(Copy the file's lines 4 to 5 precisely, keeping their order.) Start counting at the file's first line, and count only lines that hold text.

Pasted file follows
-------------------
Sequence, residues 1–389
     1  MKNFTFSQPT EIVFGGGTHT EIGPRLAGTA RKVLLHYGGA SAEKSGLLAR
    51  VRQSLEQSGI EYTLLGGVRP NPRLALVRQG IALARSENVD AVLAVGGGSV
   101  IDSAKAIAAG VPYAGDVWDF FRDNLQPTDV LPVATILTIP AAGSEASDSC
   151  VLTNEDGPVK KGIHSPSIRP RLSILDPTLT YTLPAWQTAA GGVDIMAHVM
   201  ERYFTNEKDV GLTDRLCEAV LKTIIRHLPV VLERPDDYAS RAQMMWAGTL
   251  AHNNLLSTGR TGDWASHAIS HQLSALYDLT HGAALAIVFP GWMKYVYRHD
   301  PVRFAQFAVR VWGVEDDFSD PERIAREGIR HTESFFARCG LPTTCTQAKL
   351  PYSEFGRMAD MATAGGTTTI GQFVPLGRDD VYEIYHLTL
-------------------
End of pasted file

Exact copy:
   101  IDSAKAIAAG VPYAGDVWDF FRDNLQPTDV LPVATILTIP AAGSEASDSC
   151  VLTNEDGPVK KGIHSPSIRP RLSILDPTLT YTLPAWQTAA GGVDIMAHVM